Ross spent most of the season on the Patriots’ practice squad then signed a futures contract after the season. At only 5-foot-9, Ross is a typical shifty slot receiver who has kickoff return experience during his college days at Colorado. Ross will most likely be competing for a practice squad and scout-team role once again this season. 


Jeff Thomas 

Thomas is the early-favorite to extend the Patriots’ undrafted rookie streak to a 17th season based on talent alone. He’s explosive off the line with plenty of vertical speed, shifty and loose hips to change directions, elusiveness as a ball carrier, and provides horizontal and vertical stretch to the offense. But his lengthy track record of off-field slipups led to a third-round talent going undrafted in April. Thomas was suspended multiple times at Miami, including a dismissal from the team in 2018, due to rules violations. If the Patriots can get him to buy in, the sky’s the limit, but prior history suggests that Thomas will get everyone excited just to disappoint them with an off-field transgression.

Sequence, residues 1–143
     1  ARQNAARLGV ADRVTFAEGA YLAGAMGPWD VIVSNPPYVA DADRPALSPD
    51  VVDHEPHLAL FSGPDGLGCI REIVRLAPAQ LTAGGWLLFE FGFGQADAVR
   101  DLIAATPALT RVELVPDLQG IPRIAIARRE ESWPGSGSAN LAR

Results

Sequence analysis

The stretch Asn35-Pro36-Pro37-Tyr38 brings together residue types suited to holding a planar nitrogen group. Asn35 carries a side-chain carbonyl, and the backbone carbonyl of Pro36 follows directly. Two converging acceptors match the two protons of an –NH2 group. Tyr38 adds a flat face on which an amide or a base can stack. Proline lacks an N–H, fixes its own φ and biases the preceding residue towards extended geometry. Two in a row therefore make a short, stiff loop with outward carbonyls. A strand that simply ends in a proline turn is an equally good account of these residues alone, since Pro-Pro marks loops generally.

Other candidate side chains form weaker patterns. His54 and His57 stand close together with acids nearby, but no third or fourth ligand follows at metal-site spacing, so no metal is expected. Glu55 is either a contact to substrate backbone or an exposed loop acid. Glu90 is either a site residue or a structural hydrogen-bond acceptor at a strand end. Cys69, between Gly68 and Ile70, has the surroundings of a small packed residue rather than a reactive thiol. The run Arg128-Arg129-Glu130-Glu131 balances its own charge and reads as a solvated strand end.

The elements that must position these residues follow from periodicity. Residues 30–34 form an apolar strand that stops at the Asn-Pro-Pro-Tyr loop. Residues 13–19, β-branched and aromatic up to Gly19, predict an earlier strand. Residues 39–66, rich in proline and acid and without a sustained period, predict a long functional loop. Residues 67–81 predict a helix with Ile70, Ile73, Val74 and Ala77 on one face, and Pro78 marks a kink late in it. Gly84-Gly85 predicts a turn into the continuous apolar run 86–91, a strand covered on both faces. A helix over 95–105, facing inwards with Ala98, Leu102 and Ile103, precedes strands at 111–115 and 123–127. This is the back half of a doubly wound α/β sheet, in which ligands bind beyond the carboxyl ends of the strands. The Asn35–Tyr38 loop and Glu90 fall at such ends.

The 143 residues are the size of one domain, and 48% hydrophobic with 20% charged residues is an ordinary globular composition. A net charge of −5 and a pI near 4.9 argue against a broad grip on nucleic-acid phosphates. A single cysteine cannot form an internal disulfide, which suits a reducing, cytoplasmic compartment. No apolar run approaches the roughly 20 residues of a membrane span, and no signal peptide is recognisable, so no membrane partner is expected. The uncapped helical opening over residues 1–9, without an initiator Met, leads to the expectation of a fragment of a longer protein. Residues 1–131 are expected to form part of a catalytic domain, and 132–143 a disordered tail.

Will Hastings 

The Auburn product reunites with Jarrett Stidham to see if they can recreate their chemistry from the 2017 season. In that season, Hastings averaged over 20 yards per catch hauling in 26 passes for 525 yards and four touchdowns with Stidham at quarterback. Hastings is a typical undersized slot with the usual shiftiness but offers decent field-stretching abilities as well. Hastings’s vertical transitions on post-corner routes were smooth on his college tape along with his ability to accumulate yards underneath the defense. He sat out the entire 2018 season due to an ACL tear and didn’t have the same success in 2019 without Stidham. Plus, outside of an onside kick specialist, Hastings didn’t play much on special teams for the Tigers and didn’t return kicks. If he’s going to make the Patriots roster, he’ll need to learn ways to contribute in the kicking game.